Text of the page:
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Thursday 20 December 2018

Celebrating the suffrage centenary

The FDA joined the Cross Government Women’s Network in a celebration of the Suffrage Centenary on 13 December.

The event, held at the Department for International Development, marked a century of votes for “some women and all men” while also looking at the past, present and future of women in public service.

The afternoon was filled with screenings, speeches and even song, as civil service choir Etcetera took to the stage and Claire Eddington performed the Pankhurst Anthem. Attendees in full period costume told the stories of the individuals who fought for female suffrage, such as the first woman MP Countess Constance Markievicz, and delegates fashioned suffragette and suffragist rosettes. Volunteer Ellie Binks gave a presentation on the 2018 suffrage flag relay, which saw the flag travel all over the UK and across the globe before reaching its final destination: parliament. One live blogger travelled from Iraq to speak to the audience, another interviewed her grandmother, and a third presented a video where she, her mother and her pre-teen daughter spoke about their experiences as women and girls. Minister Harriet Baldwin addressed the room. DfID Permanent Secretary Matthew Rycroft, who could not attend, sent a video message.

Keela Shackell-Smith, leader of the Cross Government Suffrage Centenary, pointed out that 1918 did not see universal suffrage for women – that would not happen until 2028. “But this means we can celebrate again in ten years,” she explained, and delegates were invited to contribute to a 2028 time capsule.
Shackell-Smith explained that the theme of the day was “take action”, and speakers were asked to answer the question “where do we go from here?”

FDA National Officer Victoria Taylor, the union’s lead on women’s workplace issues, spoke about the gender pay gap and the practical steps an individual can take to combat it. She advised delegates to talk to colleagues, to ask employers about the pay gap and to join their union.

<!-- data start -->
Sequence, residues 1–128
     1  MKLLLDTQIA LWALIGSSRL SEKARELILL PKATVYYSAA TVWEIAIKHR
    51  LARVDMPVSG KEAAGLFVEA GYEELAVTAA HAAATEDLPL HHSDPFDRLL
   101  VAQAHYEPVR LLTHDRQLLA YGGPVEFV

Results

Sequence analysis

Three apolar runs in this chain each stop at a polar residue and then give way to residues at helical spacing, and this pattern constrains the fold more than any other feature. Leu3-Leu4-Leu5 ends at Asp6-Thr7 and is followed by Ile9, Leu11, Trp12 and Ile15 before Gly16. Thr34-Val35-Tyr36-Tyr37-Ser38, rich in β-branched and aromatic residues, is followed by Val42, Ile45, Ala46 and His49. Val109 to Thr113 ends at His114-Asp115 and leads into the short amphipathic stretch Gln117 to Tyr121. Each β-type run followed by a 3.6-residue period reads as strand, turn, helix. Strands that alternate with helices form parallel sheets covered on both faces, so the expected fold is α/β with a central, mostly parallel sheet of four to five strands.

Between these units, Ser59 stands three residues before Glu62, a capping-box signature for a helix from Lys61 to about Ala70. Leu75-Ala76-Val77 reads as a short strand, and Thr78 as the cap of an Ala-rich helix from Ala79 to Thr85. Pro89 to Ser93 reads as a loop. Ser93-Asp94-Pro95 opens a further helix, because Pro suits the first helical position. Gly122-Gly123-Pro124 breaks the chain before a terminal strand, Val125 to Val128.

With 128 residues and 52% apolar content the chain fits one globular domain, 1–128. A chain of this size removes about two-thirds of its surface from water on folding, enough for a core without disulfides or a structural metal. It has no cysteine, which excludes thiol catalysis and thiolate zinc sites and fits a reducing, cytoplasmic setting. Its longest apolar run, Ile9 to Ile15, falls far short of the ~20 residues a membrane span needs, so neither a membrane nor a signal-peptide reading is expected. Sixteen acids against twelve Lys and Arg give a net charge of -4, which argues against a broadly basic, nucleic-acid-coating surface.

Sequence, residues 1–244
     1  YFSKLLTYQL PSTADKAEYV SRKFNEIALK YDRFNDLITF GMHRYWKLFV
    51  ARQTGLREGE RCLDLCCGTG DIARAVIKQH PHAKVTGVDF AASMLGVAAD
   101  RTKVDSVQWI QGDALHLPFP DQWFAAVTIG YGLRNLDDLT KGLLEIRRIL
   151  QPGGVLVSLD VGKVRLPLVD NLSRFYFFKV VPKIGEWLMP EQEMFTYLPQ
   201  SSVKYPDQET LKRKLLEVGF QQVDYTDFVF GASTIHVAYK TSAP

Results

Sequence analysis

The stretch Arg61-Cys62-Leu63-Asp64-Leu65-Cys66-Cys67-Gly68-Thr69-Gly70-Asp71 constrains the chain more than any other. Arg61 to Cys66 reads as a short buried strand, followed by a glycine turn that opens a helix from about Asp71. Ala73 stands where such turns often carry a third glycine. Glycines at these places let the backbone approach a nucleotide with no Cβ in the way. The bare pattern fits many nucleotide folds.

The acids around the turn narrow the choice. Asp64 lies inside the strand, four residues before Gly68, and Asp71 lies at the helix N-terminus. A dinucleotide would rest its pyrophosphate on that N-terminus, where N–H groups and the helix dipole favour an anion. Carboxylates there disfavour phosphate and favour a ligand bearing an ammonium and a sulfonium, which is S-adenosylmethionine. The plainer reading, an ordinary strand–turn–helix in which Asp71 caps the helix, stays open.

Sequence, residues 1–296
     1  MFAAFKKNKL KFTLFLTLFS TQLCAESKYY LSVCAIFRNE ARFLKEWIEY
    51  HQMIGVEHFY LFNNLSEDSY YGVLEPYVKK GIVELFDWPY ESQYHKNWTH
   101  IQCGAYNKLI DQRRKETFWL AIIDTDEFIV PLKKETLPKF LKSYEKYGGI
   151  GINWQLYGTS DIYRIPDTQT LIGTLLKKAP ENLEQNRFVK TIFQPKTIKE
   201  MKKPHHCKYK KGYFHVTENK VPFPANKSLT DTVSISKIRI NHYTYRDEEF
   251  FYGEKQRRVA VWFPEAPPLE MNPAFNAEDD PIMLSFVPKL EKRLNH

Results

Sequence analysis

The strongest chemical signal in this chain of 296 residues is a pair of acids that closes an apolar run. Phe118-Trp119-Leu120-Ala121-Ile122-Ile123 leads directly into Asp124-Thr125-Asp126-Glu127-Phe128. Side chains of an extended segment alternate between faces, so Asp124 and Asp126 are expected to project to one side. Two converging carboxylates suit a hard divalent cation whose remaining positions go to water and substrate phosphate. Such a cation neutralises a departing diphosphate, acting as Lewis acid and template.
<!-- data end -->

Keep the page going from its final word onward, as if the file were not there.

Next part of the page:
Taylor said: "It was an honour to be asked to join the final celebration of what has been an incredible year. The work that Keela, Ellie, Siobhan and the team of volunteers have done to bring stories to life and ensure this important piece of our history is remembered has been nothing short of phenomenal. Talking about Equal Pay is something that I do as part of my day job, but speaking to a room of such enthusiastic, positive public servants about an issue that can have a huge issue on their day-to-day lives was a pleasure. I'm looking forward to the celebrations for full suffrage in 2028!"

Bernice Allport, Chair of the Cross Government Menopause Working Group, spoke about the menopause, how it affects “home family” and “work family”, and the need to both provide practical support to women going through it and an environment where people are able to discuss what they are experiencing. Jason Ghaboos, who is currently on secondment to Murray Edwards College Cambridge, talked about the need to engage men in the fight for equal rights. Finally a:gender’s Gemma Kensey underscored the need to support gender equality and gender inclusivity, focusing on transgender, non-binary and intersex staff across Government. “There is too much emphasis on what we are rather than who we are,” she said, explaining the real need to address the danger and discrimination facing individuals: one in three employers are less likely to give a job to a trans person and one in eight trans employees have been physically attacked by a colleague of customer. Kensey explained how awareness training and policy advice are two tools a:gender offers that can improve workplaces.

The FDA sponsored the event by providing lunch, and held a stall throughout the afternoon. Staff members spoke to delegates about the Women’s Network and how union membership can help pave the way to true equality.

If you are interested in getting involved in the FDA’s Women’s Network, email National Officer Victoria Taylor on victoria@fda.org.uk
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